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Re: Dalai Lama on Science

Postby catmoon » Sat Sep 15, 2012 9:40 am

viniketa wrote:
catmoon wrote:Yup and it signals to the community that it is high time they should no longer be listened to, as scientists at least. Linus Pauling's senile rants on Vitamin C come to mind.


I forget, did Pauling see God in Vitamin C? :tongue:

I respect your thoughts on this, catmoon, but it seems we outright disagree about the nature of science and scientists. Many of the scientists I know are awed all the time by their own findings and experience a deep sense of the mysteries of the universe we don't see in many churches...


What Is It to be Intellectually Humble?

:namaste:


Well of course they do. Hard to find an astronomer that doesn't. But they rigorously keep that stuff out of the serious papers.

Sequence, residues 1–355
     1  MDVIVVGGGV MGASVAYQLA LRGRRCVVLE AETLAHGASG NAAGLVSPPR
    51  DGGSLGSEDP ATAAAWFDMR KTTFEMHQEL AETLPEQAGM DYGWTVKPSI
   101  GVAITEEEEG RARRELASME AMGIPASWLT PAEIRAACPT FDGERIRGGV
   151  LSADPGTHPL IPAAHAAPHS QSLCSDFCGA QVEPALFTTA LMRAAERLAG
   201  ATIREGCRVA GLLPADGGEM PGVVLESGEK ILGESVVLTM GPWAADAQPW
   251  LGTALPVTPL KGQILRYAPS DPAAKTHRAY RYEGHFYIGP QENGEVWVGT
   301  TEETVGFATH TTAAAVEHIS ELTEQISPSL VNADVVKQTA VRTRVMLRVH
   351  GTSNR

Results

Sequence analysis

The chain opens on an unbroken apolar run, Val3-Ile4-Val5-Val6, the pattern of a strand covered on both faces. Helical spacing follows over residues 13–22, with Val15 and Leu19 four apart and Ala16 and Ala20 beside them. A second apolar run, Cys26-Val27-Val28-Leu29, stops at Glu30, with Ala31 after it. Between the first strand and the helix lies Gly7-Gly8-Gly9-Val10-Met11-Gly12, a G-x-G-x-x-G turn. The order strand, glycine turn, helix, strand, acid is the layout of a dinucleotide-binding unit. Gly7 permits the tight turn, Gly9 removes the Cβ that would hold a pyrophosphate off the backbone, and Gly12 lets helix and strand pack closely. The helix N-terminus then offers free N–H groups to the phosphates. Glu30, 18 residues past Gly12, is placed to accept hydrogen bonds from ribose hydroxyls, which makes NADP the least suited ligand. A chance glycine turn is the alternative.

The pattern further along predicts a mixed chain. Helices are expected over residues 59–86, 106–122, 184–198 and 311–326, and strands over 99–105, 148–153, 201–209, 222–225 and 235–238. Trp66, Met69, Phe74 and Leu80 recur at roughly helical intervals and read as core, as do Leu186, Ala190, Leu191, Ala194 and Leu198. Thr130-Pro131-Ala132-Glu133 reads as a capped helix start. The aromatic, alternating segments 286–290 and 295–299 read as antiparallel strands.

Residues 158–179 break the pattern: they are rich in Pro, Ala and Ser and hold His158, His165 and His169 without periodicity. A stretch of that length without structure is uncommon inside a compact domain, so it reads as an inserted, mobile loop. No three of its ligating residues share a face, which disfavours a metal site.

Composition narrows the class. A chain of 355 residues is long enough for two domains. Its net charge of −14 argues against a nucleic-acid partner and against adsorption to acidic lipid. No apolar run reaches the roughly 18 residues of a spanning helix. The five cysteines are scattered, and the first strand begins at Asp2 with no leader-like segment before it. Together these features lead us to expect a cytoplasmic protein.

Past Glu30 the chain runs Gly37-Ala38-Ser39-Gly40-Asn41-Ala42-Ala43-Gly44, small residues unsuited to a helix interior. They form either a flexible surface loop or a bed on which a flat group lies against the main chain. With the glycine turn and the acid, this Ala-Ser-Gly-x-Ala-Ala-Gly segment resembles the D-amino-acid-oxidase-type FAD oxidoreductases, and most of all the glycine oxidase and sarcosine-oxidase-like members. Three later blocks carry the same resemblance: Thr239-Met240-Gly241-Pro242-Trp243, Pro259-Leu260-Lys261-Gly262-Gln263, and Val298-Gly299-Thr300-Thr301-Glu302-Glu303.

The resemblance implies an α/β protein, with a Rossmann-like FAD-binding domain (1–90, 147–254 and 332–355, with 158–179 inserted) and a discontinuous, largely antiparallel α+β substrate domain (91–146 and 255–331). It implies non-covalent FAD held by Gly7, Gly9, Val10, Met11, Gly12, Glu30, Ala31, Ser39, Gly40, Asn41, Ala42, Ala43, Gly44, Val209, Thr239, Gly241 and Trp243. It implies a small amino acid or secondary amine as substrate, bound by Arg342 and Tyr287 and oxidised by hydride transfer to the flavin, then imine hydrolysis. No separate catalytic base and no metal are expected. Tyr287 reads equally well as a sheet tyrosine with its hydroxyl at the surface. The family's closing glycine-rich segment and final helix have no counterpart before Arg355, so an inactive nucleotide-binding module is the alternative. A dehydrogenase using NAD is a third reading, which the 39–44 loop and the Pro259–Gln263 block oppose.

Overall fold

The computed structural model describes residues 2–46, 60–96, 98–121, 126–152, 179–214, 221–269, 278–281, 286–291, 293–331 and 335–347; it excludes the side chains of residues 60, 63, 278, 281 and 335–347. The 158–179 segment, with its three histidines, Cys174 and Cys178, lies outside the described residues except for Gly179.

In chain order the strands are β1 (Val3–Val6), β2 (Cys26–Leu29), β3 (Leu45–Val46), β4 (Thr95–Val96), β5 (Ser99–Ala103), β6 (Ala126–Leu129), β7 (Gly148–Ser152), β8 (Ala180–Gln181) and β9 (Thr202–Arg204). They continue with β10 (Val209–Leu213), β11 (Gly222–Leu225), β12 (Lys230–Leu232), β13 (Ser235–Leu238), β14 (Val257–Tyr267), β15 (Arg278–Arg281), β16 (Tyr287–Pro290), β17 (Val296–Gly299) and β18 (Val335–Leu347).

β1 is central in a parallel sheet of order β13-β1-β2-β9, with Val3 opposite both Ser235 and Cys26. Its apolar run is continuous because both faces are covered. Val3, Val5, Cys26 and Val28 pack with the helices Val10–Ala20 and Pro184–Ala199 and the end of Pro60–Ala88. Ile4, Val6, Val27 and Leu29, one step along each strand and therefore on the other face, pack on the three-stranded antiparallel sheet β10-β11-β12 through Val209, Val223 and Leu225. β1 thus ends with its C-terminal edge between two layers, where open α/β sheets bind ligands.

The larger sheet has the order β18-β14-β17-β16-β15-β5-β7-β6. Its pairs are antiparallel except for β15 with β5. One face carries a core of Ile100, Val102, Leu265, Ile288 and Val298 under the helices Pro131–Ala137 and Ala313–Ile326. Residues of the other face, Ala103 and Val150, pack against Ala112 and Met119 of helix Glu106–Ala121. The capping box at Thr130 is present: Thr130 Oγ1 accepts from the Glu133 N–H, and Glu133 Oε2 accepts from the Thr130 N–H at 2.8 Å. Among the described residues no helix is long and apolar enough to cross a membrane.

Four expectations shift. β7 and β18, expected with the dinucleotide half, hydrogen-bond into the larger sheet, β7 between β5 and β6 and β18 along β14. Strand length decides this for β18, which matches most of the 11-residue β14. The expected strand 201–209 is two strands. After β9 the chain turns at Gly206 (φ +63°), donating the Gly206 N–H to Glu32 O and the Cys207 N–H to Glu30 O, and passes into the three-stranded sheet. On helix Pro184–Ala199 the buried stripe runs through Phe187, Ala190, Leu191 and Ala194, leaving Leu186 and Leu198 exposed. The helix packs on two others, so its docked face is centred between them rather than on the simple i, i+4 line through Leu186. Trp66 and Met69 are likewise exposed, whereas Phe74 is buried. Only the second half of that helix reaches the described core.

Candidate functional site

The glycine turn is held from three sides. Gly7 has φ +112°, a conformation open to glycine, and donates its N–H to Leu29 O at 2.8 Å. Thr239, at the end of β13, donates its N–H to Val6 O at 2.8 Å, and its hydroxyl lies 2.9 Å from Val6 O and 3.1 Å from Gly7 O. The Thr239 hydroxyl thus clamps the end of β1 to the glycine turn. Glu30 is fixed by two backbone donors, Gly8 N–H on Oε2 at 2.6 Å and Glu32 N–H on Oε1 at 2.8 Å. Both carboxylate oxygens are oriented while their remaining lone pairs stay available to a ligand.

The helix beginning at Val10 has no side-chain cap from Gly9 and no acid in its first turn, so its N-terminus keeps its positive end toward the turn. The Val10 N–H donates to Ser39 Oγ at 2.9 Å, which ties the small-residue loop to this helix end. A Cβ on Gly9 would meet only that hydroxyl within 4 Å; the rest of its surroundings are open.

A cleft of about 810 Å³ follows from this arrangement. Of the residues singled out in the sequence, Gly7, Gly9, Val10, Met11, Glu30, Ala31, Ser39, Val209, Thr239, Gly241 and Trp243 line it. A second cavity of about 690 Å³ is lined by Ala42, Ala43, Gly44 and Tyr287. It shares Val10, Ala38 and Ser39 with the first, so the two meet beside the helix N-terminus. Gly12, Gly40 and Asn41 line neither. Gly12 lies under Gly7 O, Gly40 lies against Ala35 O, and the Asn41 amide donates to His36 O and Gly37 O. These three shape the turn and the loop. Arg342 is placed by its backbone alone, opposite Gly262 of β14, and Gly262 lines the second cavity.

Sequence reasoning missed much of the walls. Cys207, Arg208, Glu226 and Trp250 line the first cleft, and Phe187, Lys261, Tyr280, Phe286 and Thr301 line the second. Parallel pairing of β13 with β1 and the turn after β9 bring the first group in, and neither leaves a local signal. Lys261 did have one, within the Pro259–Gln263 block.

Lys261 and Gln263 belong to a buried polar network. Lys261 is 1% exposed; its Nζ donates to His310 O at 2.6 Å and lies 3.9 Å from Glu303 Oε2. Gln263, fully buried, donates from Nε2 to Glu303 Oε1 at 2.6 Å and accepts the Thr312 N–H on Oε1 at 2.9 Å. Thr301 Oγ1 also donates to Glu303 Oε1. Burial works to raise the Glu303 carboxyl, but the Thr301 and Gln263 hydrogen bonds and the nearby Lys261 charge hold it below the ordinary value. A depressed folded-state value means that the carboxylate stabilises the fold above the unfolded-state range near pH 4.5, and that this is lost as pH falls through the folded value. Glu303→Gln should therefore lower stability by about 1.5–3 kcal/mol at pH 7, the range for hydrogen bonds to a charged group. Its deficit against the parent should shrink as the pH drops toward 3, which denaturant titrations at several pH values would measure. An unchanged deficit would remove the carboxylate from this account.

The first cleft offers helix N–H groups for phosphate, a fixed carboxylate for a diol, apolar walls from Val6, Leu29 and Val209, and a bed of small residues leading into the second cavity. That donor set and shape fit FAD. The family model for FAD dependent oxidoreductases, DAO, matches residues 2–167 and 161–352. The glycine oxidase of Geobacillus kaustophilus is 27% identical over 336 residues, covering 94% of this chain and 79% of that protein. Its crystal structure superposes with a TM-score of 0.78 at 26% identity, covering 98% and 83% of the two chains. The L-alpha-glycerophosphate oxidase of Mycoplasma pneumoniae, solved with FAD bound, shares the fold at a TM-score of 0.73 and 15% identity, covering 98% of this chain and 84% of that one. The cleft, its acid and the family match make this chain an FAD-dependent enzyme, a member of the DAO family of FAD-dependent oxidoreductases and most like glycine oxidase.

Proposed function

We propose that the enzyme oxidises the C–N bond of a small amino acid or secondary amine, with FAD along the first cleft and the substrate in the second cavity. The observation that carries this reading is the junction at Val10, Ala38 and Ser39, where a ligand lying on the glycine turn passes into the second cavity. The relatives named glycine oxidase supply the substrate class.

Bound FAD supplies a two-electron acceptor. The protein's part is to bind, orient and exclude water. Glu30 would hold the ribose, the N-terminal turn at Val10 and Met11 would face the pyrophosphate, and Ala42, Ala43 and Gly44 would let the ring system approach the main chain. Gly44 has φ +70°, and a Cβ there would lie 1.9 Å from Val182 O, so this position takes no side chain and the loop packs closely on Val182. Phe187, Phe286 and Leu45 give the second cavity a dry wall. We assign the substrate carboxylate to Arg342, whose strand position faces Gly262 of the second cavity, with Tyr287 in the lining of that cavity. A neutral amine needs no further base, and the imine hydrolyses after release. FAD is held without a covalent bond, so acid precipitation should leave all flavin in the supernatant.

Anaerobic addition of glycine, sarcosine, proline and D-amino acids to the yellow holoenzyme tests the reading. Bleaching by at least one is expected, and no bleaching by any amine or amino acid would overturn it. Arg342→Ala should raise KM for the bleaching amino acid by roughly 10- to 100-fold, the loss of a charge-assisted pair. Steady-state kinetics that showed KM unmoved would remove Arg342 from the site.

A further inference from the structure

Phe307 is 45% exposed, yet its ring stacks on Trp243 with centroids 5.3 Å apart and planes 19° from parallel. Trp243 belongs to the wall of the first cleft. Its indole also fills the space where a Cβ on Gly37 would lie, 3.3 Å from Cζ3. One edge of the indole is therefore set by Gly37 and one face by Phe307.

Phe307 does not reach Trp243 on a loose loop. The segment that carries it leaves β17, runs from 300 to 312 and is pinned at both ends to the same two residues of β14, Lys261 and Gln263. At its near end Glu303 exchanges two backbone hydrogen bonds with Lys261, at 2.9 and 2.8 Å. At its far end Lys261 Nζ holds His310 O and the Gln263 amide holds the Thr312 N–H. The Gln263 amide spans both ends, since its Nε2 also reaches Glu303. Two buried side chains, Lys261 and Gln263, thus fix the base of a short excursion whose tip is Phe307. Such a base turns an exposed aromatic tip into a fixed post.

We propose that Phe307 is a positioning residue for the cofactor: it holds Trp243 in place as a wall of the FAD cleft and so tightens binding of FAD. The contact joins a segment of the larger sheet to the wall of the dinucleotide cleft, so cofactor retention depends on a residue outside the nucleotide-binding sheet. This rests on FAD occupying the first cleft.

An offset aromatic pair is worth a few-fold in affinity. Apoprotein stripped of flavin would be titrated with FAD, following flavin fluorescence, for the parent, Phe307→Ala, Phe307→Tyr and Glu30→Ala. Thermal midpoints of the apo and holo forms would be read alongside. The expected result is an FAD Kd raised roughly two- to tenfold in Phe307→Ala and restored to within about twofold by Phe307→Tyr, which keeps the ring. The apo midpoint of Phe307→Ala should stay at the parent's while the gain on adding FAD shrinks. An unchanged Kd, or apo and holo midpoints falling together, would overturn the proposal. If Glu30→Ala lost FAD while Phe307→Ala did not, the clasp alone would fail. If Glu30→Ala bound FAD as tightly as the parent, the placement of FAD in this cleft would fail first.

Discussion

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Re: Dalai Lama on Science

Postby catmoon » Sat Sep 15, 2012 10:11 am

WUPS!

I just noticed that this is in the academic forum. Time to pull up the old socks with a reference or two.

Beyond the Purview of Science


“Somewhere within the narrowing gap between brain and mind is what Francis Crick, co-discoverer of DNA’s double helix, has called his “astonishing hypothesis,” which is “that ‘You,’ your joys and your sorrows, your memories and your ambitions, your sense of personal identity and free will, are in fact no more than the behaviour of a vast assembly of nerve cells and their associated molecules.” (from Cheshire, WP, MD, MA, FAAN)